Espying Heaven: The Stained Glass of Charles Eamer Kempe and his Artists, by Adrian Barlow (Lutterworth Press), 144pp., 254 x 189mm, £25.00. Expected January 2019.
Barlow’s latest volume is a lavishly-illustrated exploration of the work of the Victorian church artist, Charles Eamer Kempe, and the team of artists he led and inspired. Espying Heaven is the first full-scale and full-colour survey of the achievement of arguably the most significant stained-glass designer of his era, and of his Studio. From the start, Kempe gathered around him a close-knit team of artists and craftsmen who together developed his vision of a distinctive aesthetic setting for worship based on late medieval art, and, in particular, the stained glass of northern Europe. This book illustrates the evolution of ‘the Kempe style’ and allows readers to judge for themselves the extent to which C.E. Kempe & Co. (1907–1934), established by Kempe, succeeded in working within the tradition established by his founding artists.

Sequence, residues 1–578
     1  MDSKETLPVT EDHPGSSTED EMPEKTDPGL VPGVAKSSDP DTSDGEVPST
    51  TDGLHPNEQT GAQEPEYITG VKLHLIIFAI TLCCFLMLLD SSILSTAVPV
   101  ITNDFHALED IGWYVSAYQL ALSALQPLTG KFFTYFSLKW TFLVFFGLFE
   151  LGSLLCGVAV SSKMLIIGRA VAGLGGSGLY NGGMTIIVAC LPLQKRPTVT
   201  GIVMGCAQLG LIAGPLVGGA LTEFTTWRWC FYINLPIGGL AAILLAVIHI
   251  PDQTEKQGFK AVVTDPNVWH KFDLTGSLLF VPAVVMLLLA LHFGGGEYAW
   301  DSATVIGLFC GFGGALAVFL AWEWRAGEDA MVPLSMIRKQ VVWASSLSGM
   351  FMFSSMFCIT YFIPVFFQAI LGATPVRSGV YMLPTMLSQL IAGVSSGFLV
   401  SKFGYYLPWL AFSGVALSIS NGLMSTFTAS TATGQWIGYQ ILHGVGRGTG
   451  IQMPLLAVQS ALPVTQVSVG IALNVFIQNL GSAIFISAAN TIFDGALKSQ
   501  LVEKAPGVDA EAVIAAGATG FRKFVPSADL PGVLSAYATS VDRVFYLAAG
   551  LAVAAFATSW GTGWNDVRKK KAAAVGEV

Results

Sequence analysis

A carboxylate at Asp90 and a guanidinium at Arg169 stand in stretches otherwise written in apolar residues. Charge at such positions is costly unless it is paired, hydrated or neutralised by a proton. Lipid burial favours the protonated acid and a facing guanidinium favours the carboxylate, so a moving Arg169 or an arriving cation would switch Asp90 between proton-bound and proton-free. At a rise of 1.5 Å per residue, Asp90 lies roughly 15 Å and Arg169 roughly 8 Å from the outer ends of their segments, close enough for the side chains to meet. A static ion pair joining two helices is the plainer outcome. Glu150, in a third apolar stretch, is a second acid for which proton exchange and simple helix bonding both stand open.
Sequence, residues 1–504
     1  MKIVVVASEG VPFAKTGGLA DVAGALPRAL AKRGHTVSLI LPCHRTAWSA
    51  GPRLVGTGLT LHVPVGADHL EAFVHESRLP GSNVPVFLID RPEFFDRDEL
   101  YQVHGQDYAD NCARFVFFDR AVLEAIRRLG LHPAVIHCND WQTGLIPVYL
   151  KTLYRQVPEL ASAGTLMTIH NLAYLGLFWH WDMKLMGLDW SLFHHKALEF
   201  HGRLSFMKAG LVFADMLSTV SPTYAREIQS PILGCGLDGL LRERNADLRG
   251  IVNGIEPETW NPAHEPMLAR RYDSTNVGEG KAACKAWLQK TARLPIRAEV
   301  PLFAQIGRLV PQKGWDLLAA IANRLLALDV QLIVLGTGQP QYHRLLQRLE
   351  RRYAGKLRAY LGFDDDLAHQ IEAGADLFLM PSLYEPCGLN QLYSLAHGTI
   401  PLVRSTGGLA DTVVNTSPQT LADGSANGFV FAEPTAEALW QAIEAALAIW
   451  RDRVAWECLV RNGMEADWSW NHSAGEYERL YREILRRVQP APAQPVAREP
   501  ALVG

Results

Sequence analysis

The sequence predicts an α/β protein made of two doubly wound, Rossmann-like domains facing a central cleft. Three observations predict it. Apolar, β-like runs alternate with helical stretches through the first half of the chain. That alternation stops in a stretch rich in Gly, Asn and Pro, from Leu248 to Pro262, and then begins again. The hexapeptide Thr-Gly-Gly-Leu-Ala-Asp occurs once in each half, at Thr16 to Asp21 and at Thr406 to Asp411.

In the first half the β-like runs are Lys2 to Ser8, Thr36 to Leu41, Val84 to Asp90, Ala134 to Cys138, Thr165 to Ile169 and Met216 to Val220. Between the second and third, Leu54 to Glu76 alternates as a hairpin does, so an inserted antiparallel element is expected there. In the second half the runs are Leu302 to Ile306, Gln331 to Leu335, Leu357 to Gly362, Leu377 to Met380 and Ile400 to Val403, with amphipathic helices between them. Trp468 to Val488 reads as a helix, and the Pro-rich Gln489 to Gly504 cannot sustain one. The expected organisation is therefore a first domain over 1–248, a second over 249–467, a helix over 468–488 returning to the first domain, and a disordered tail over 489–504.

The book offers detailed discussions of Kempe’s work, with a strong focus on particular windows, themes and relationships. There are chapters on Kempe’s work in cathedrals; in some key churches in Britain and in particular locations such as Oxford and Cambridge. Other chapters examine the influences that led to his characteristic style as exemplified in major subjects such as the Annunciation and Incarnation, the Passion of Christ and the lives of the saints. Comparisons and contrasts between Kempe glass and that of other firms (including Morris and Co., Burlison and Grylls, and Christopher Whall) lead to a concluding evaluation of his legacy and standing today.
This volume is intended as a companion to Barlow’s biographical study, Kempe: The Life, Art and Legacy of Charles Eamer Kempe (The Lutterworth Press, 2018). In its own right, however, Espying Heaven both documents and celebrates a style of church art and decoration that has had a defining influence upon the Anglican Church worldwide. It highlights key features of Kempe glass, exploring questions of representation, symbolism and technique and suggesting new ways of ‘reading’ a Kempe window.
With photography by Alastair Carew-Cox.